Apple slips, on track for worst week ahead of an iPhone launch
U.S. stocks tilted slightly lower on Friday, with the main benchmark index set to end the week flat as investors shrugged off the latest bout of geopolitical uncertainty.
The S&P 500 is down about 2 points, or less than 0.1%, to 2,498. Of the 11 main sectors, seven were trading lower.
The Nasdaq Composite Index slipped 4 points, or less than 0.1%, to 6,418. The Dow Jones Industrial Average dipped 25 points to 22,336, a drop of 0.1%.
The Russell 2000 index of small stocks was a bright spot on Wall Street Friday. The index was up 0.4% to 1,450, trading a few points below its intraday all-time high set in late July.
Some analysts said the stock market has become desensitized to threats from North Korea.
"As long as there is no military action from the either side, markets will continue to ignore the threats from North Korea," said Wouter Sturkenboom, senior investment strategist at Russell Investments.
North Korea returned to the forefront after the country's foreign minister Ri Yong Ho said late Thursday at a United Nations meeting that his country might consider a nuclear bomb of "unprecedented scale" in the Pacific.
Ri's comments came shortly after North Korea President Kim Jong Un released a statement threatening to make President Donald Trump "pay dearly" for his fiery speech to the U.N. on Tuesday, calling the U.S. leader a "mentally deranged U.S. dotard." (http://www.marketwatch.com/story/kim-jong-un-calls-trump-mentally-deranged-us-dotard-setting-off-scramble-for-dictionaries-2017-09-21)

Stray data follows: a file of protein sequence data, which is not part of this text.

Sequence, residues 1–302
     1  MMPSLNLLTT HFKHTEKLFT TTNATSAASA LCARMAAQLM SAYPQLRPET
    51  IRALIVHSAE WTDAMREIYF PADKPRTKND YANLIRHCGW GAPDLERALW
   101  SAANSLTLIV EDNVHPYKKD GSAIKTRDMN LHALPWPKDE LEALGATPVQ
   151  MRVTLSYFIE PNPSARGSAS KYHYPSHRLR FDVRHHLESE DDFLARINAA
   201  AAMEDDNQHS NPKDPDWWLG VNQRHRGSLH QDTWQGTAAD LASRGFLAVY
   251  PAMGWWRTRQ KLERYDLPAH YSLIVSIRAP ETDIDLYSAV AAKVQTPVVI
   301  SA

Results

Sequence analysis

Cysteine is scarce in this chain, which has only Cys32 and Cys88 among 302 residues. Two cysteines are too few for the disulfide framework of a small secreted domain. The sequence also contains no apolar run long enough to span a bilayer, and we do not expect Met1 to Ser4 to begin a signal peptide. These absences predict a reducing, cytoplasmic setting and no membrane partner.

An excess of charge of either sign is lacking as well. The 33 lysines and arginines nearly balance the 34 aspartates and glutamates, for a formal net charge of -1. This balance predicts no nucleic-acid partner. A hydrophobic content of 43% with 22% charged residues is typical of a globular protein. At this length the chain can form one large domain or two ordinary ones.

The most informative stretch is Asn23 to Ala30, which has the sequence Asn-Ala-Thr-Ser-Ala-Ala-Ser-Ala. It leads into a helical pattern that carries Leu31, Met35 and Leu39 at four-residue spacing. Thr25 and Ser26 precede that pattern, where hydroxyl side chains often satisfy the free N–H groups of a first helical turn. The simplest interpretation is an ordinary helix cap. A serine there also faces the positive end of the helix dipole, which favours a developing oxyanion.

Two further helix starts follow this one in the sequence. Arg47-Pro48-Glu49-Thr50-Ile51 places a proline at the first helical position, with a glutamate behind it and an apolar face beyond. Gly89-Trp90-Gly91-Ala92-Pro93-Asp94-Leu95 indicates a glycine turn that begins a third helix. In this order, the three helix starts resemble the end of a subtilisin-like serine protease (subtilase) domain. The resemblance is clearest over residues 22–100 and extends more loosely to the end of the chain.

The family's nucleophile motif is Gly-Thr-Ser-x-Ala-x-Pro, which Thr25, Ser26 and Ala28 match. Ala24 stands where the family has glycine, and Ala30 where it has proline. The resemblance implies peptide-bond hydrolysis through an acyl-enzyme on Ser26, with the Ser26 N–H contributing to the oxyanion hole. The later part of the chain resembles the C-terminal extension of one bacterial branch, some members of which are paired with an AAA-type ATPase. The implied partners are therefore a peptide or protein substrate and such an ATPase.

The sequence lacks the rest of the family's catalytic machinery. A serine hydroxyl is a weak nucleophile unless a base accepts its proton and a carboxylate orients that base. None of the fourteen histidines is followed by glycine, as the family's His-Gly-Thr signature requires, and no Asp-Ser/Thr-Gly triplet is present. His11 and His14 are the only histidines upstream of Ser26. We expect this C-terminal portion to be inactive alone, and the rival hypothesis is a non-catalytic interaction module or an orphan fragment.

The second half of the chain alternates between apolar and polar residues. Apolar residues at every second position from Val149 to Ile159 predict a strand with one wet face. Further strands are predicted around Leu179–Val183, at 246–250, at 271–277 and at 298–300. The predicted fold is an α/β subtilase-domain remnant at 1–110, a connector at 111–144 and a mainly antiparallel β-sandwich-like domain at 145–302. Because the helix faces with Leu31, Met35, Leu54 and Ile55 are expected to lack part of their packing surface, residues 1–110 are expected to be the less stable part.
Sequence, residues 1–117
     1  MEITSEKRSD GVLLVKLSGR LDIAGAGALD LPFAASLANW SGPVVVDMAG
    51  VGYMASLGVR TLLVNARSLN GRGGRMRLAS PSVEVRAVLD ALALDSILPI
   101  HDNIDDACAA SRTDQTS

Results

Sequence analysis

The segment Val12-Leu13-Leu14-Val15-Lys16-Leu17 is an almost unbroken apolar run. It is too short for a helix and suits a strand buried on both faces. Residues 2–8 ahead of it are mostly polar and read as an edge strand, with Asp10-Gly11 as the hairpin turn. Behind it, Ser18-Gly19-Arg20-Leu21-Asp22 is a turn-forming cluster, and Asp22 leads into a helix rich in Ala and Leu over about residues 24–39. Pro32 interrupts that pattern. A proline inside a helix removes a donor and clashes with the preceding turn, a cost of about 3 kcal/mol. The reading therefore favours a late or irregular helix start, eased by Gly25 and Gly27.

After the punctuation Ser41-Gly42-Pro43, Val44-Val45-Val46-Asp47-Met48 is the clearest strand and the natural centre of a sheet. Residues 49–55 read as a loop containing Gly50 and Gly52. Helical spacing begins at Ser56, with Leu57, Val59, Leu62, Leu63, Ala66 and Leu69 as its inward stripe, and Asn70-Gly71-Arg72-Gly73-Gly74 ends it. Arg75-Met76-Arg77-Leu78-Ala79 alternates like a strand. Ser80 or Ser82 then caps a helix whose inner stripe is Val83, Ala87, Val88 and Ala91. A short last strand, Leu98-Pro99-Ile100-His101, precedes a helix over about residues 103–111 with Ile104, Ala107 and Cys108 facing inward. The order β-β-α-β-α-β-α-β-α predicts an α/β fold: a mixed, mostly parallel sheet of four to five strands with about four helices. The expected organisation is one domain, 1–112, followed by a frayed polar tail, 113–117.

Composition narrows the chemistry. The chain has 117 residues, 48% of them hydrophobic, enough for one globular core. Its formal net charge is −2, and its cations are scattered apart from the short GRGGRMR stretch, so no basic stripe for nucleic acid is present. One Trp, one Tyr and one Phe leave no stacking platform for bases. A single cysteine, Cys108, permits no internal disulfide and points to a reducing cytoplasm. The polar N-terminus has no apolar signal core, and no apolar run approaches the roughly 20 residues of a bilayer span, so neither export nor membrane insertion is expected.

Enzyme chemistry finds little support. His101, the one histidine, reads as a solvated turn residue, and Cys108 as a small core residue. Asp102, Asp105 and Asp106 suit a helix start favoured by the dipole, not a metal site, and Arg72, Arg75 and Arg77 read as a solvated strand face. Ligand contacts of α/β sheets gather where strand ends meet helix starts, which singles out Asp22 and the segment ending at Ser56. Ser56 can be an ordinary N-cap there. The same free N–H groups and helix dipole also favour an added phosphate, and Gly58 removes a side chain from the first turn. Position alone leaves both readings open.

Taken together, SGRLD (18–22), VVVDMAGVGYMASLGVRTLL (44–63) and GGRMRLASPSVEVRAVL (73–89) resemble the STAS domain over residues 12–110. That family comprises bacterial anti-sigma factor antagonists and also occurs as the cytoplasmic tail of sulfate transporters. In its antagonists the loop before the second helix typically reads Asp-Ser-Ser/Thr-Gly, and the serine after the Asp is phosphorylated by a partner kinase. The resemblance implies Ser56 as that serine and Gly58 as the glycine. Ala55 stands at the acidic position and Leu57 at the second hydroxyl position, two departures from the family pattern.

The statements came after Trump at a U.N. speech on Tuesday pledged to "totally destroy" North Korea if Pyongyang provoked the U.S. or its allies. Trump on Thursday ordered expanded sanctions against North Korea, targeting individuals or companies trading with the country.
"The market has looked at this ongoing kerfuffle and said, 'meh.' Right now there are just words being thrown back and forth, and it won't care until that changes or escalates," said Malcolm Polley, president and chief investment officer of Stewart Capital Advisors. "So long as rates stay low there's no real catalyst to drive the market down, even though no place in it looks particularly cheap and we think the risk premium being assigned to stocks is too low."
Equities have been broadly higher for an extended period. Major U.S. indexes have been trading near records, and with a modest dip on Thursday, the Dow ended a nine-day streak of gains (http://www.marketwatch.com/story/thatll-do-dow-the-averages-9-day-rally-is-overbut-still-historic-2017-09-21). Many investors could be looking for a reason to take profits, particularly with equity prices seen as stretched.
For the week, the Dow is up 0.3%, while the S&P 500 is flat. The Nasdaq is down 0.5%.
In the latest economic data, a read on manufacturing inched higher in September, while a read on the services sector was down slightly.